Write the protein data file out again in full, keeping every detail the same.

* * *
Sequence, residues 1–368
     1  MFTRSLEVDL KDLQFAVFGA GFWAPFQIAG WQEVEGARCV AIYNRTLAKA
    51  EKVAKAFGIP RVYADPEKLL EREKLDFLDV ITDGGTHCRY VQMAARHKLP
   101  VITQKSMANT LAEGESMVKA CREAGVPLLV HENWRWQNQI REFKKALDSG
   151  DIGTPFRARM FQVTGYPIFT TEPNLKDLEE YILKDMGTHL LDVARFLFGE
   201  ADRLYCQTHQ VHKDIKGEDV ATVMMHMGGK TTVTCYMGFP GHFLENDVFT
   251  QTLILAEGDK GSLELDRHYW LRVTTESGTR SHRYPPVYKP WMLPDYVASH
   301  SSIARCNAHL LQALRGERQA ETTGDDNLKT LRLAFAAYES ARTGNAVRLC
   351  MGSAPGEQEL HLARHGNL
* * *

Sequence, residues 1–368
     1  MFTRSLEVDL KDLQFAVFGA GFWAPFQIAG WQEVEGARCV AIYNRTLAKA
    51  EKVAKAFGIP RVYADPEKLL EREKLDFLDV ITDGGTHCRY VQMAARHKLP
   101  VITQKSMANT LAEGESMVKA CREAGVPLLV HENWRWQNQI REFKKALDSG
   151  DIGTPFRARM FQVTGYPIFT TEPNLKDLEE YILKDMGTHL LDVARFLFGE
   201  ADRLYCQTHQ VHKDIKGEDV ATVMMHMGGK TTVTCYMGFP GHFLENDVFT
   251  QTLILAEGDK GSLELDRHYW LRVTTESGTR SHRYPPVYKP WMLPDYVASH
   301  SSIARCNAHL LQALRGERQA ETTGDDNLKT LRLAFAAYES ARTGNAVRLC
   351  MGSAPGEQEL HLARHGNL